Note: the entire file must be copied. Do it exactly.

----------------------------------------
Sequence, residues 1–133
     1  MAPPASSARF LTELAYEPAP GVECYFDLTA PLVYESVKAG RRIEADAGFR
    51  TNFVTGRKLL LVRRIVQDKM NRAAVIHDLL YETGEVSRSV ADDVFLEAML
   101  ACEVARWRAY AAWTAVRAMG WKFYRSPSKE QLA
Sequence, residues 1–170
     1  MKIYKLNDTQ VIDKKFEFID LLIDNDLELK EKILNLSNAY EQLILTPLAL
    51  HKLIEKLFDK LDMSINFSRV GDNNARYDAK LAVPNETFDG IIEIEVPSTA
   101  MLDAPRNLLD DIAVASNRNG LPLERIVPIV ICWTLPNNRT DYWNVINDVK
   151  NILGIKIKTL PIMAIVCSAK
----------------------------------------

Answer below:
Sequence, residues 1–133
     1  MAPPASSARF LTELAYEPAP GVECYFDLTA PLVYESVKAG RRIEADAGFR
    51  TNFVTGRKLL LVRRIVQDKM NRAAVIHDLL YETGEVSRSV ADDVFLEAML
   101  ACEVARWRAY AAWTAVRAMG WKFYRSPSKE QLA
Sequence, residues 1–170
     1  MKIYKLNDTQ VIDKKFEFID LLIDNDLELK EKILNLSNAY EQLILTPLAL
    51  HKLIEKLFDK LDMSINFSRV GDNNARYDAK LAVPNETFDG IIEIEVPSTA
   101  MLDAPRNLLD DIAVASNRNG LPLERIVPIV ICWTLPNNRT DYWNVINDVK
   151  NILGIKIKTL PIMAIVCSAK